Pakistan is an elitist society, and its economy in all its dimensions has been captured by the privileged classes. The result is there for all to see: an increasing income gap and rising poverty. One the one hand, the rich and superrich live in their luxurious villas and farmhouses, while on the other vast multitudes are deprived of the basic needs of life.
Elite capture is defined as a situation where a small group of powerful individuals in or out of government use their position and influence to benefit themselves at the expense of the general masses. In Pakistan, the government and the private sector are dominated by powerful groups who have little interest in promoting the interests of the people. As a result, the majority of the population has limited economic opportunities and lives in utter misery.
According to a recent Oxfam report, the top one percent of the population in Pakistan owns 10 times more wealth than the bottom 50%. Another study says that the richest 10% of the population accounts for around 40% of the national income, while the poorest 10% only receive about two percent of the national income. According to the World Inequality Database, the top 10% of Pakistan’s population holds 64% of the country’s wealth, while the bottom 50% only has access to four percent of the wealth. This severe wealth inequality is largely due to elite capture.
The latest data from the Pakistan Bureau of Statistics, the country’s Gini coefficient, a measure of income inequality, is 0.37, which is higher than the regional average for South Asia and the global average. This indicates that the distribution of income is heavily skewed in favour of the rich and discriminates against the poor. A small group of political, economic, and bureaucratic elites control a disproportionate amount of wealth and resources, perpetuating income inequality for their own benefit.
There are elites in all societies but the difference is that the rich in Pakistan feel no shame in flaunting their wealth accumulated through gross misuse of power. The Pakistani elite’s show of money power includes building palatial houses, holding extravagant parties, membership of golf and exclusive country clubs, display of high-end designer clothing, expensive jewellery, and luxurious cars. For the use of the privileged classes, there are more than 200 golf courses built on government lands worth billions of rupees but leased at nominal rates. Such display of wealth in a vast sea of poverty creates class jealousy and social tension.
The elite’s capture of the economy stems from their hold on power and all levers of policy making. Government policies are formulated in such a way that they favour the rich and ensure that their children have access to better education, health, and employment opportunities. These ill-advised policies have over the years perpetuated intergenerational income and wealth inequality, restricting economic opportunities for the vast majority, and confining wealth within the clutches of a privileged group. The notorious 22 wealthy families of Pakistan sit atop the elite pyramid composed of well connected politicians, civil and military bureaucracy, business tycoons and media moguls.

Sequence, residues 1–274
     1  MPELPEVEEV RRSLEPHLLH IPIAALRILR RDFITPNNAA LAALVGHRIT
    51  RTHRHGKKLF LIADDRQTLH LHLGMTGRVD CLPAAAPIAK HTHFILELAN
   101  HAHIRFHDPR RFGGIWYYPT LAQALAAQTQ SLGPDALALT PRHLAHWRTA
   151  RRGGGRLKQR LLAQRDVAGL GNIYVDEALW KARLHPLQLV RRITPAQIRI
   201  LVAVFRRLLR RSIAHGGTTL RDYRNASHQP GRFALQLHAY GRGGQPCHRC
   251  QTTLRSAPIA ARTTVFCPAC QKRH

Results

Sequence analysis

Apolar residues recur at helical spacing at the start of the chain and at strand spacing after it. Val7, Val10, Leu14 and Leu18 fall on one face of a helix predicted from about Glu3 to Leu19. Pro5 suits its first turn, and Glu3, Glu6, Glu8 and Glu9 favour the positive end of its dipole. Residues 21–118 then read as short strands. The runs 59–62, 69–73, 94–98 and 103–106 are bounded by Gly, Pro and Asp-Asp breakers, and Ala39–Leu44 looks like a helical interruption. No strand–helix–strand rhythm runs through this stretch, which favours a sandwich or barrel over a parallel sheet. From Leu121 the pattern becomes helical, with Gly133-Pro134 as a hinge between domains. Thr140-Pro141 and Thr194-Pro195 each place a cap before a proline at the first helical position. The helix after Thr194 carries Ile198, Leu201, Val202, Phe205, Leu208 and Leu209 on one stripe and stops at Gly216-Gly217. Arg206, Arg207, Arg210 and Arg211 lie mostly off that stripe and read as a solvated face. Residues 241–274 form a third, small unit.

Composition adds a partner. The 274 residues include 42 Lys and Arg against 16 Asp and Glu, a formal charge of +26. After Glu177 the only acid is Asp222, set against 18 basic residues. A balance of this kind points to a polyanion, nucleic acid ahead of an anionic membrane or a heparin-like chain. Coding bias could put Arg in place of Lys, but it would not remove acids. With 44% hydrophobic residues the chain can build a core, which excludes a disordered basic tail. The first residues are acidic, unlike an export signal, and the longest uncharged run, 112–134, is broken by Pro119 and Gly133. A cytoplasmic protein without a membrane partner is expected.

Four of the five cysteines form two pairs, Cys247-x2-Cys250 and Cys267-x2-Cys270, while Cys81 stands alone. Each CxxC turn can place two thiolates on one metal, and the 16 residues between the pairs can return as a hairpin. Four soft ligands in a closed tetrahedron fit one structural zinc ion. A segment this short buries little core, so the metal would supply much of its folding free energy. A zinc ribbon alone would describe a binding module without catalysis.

Pakistan is a democracy but in actual fact it is an oligarchy which hides behind a parliamentary cover. The national and provincial assemblies are dominated by feudal lords and other vested interest groups who make policies and laws which ensure the continuity of the present iniquitous system. Most of the budgetary allocations go to further enrich the rich. The agriculture sector, which is dominated by political elites, receives massive subsidies from the government, while the needs of small farmers are ignored. The same goes for the industrial sector which gets easy bank loans and massive tax concessions which benefit only the rich.
According to the Pakistan Economic Survey 2020-21, the government allocated Rs682 billion in subsidies for the agriculture sector, while allocating only Rs70 billions for other sectors. An example of elite capture in Pakistan is the sugar industry which is dominated by a small group of politically influential families who with official support manipulate prices and monopolise the market. According to a report, the sugar industry receives billions of rupees in subsidies and tax exemptions. With government support, artificial shortages are created to jack up prices and maximise profits. In this way, sugar mill owners have enriched themselves at the expense of farmers and consumers.
The elite capture of the economy has resulted in low investments in essential sectors like education, healthcare, and employment. Pakistan has one of the lowest education budgets in the world (only 2.2% of its GDP) as compared to 5-7% in other countries. Pakistan’s healthcare system is similarly ignored, getting only 0.9% of the GDP. The lack of basic health, education and housing facilities for the masses limits their ability to escape poverty and build a better life for themselves. Needless to say, without dismantling the prevailing elitist system Pakistan cannot get out of the political and economic crisis it is enmeshed in at present.